Recent research by Prof. Dan Kahan and others at the Cultural Cognition Project was highlighted in the April, Mother Jones article, "The Science of Why We Don't Believe in Science." In their own article, published in the Journal of Risk Research, Prof. Kahan and his colleagues examine why scientific consensus on issues like climate change, disposal of nuclear waste, and the effect of permitting concealed posession of handguns doesn't necessarily translate into political consensus on these issue.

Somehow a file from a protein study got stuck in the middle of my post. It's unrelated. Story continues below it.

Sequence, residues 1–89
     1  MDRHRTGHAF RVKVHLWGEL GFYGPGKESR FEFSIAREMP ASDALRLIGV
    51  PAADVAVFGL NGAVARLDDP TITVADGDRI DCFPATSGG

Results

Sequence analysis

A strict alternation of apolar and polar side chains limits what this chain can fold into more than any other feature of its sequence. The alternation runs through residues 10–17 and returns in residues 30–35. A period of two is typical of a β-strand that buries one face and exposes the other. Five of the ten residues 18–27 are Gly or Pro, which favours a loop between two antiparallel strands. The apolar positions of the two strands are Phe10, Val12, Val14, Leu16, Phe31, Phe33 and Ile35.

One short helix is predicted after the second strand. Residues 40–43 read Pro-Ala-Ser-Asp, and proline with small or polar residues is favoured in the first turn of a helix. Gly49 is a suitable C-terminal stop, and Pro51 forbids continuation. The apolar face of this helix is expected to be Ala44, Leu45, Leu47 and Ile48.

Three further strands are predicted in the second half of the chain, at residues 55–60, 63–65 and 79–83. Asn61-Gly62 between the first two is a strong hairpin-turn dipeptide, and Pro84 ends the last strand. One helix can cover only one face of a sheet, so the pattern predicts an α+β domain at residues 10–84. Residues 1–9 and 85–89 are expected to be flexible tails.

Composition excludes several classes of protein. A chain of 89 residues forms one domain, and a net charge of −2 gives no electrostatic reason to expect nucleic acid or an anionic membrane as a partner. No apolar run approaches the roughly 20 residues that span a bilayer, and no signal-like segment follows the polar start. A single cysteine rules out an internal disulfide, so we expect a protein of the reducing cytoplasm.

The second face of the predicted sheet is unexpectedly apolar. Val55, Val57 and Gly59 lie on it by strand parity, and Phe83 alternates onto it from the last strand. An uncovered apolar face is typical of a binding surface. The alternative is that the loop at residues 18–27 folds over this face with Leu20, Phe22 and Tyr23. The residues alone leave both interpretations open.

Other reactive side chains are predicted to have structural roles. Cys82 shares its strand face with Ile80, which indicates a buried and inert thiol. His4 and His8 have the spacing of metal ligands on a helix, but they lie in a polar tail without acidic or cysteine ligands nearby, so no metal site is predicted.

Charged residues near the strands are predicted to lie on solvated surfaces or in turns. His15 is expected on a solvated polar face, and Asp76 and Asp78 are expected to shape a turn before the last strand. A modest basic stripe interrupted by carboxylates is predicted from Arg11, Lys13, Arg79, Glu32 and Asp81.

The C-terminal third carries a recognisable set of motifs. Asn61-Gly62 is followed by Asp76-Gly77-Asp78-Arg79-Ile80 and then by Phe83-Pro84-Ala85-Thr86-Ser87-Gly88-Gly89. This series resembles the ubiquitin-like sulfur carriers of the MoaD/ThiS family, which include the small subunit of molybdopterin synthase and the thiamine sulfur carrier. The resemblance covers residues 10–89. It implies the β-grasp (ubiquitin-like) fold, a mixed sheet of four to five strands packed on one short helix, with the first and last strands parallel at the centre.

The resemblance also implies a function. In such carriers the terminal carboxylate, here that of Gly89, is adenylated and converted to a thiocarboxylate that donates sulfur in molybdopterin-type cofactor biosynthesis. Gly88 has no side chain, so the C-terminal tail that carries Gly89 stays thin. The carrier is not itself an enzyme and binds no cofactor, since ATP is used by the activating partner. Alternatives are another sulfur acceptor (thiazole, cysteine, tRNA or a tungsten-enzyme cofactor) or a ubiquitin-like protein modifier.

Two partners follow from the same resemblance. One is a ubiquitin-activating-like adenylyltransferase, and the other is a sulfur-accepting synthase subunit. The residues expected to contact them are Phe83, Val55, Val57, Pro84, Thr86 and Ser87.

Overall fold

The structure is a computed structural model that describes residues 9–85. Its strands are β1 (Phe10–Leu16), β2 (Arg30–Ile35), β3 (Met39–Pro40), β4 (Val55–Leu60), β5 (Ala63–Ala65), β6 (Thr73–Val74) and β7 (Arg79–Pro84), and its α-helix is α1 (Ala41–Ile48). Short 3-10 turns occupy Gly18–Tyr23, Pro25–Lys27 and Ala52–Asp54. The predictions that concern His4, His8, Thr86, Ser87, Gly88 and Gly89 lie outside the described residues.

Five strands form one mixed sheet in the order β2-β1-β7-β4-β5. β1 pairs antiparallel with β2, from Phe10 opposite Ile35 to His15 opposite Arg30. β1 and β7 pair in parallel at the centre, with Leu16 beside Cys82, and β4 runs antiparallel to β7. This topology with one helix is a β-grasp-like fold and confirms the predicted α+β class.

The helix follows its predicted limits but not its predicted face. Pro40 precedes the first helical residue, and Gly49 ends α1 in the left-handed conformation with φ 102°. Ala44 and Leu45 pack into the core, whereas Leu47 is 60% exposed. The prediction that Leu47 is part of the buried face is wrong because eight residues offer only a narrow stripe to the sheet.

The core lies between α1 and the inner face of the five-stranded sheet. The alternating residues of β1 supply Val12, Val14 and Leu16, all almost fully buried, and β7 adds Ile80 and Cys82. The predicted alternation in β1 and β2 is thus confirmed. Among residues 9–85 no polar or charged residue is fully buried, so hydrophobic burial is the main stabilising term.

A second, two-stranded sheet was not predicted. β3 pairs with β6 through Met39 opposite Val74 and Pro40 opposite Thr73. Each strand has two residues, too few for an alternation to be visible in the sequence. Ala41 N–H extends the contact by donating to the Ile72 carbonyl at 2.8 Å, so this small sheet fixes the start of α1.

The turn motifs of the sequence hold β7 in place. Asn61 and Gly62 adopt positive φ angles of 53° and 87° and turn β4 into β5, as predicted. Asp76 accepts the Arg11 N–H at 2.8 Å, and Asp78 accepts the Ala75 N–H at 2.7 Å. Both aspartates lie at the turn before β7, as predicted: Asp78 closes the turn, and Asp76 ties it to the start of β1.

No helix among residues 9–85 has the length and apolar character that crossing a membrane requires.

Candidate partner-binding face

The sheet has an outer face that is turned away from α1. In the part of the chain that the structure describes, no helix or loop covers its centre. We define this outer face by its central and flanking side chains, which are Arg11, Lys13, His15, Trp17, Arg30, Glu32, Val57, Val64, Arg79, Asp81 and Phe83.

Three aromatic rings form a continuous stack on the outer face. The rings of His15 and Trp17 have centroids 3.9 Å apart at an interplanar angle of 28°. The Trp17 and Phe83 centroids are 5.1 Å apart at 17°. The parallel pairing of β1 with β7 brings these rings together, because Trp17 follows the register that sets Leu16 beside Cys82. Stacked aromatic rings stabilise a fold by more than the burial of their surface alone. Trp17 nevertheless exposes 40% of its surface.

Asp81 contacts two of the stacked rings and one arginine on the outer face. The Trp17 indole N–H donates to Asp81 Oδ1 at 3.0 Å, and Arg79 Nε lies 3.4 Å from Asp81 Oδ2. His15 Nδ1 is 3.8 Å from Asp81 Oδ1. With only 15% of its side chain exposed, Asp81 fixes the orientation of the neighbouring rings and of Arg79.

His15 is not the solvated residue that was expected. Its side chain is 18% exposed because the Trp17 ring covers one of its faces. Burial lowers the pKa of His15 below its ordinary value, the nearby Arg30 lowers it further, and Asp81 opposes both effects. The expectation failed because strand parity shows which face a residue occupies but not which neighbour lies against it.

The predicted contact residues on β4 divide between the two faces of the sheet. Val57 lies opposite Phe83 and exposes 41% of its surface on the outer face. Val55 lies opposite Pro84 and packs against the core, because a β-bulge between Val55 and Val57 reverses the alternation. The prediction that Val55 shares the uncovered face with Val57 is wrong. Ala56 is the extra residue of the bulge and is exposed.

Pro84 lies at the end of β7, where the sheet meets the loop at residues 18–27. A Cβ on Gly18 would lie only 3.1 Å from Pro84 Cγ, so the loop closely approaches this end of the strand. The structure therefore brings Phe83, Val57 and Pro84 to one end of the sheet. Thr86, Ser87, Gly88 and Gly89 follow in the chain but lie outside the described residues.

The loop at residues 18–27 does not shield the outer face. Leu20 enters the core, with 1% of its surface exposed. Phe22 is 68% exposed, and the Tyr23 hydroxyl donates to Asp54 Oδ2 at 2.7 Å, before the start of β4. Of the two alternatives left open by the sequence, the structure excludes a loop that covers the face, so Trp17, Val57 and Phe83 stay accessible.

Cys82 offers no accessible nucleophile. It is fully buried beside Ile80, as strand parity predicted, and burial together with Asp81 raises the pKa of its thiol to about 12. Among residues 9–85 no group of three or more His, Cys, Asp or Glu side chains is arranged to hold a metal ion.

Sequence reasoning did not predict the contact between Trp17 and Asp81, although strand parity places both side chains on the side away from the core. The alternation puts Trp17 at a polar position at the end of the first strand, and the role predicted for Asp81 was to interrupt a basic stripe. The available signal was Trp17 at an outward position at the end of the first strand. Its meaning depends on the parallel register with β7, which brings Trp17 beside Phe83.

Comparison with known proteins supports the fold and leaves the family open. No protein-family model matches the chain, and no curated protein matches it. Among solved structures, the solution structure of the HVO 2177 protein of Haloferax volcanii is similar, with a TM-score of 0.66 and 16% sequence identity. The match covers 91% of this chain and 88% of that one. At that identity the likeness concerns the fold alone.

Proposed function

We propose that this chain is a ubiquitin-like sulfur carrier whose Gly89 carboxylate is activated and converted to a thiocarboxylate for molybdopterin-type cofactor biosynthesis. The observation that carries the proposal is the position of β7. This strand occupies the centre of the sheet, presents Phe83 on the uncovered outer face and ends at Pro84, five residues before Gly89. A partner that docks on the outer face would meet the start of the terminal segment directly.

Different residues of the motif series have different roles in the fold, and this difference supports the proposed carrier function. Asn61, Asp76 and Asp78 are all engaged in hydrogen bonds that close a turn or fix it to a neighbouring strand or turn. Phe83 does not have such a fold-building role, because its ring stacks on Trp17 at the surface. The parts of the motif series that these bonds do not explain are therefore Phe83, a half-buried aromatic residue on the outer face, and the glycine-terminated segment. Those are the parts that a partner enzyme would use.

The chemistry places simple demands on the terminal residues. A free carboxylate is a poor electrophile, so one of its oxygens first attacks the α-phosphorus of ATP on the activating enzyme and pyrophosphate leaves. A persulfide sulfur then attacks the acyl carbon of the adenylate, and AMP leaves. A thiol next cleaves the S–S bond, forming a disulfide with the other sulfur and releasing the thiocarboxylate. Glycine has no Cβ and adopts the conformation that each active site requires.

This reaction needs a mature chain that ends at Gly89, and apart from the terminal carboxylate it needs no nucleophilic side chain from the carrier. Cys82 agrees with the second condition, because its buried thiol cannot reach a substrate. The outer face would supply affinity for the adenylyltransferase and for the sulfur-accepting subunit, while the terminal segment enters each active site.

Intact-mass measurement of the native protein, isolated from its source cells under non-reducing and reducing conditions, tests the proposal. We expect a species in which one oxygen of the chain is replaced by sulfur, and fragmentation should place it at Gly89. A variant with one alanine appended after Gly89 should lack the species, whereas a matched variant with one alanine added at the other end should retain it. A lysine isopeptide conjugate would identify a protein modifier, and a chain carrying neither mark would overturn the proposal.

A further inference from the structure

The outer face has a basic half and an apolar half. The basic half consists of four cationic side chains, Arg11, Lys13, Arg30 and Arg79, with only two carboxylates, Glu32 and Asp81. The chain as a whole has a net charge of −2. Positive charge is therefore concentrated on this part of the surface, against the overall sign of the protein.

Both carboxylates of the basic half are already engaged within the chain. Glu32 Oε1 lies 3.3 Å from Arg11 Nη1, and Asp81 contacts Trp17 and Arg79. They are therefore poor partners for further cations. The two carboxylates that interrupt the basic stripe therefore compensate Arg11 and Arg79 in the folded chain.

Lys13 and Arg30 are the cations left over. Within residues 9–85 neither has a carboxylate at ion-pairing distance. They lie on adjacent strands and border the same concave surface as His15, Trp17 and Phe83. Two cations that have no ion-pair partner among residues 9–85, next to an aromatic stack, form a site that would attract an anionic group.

More specifically, the authors hypothesized that individuals disagree with experts not because they're anti-science or "science-deniers", but because cultural viewpoints influence perceptions of what the scientific experts believe.
The authors found that there was indeed a strong correlation between subjects' cultural values and their perceptions of what the scientific consensus is on these issues. The authors also found that the subjects credited experts who adopted posititions matching the subjects' own viewpoints on these issues.
These findings indicate that when seeking to persuade it's more effective to couch your approach in the values shared by the audience, rather than leading with the facts shared by the scientific experts.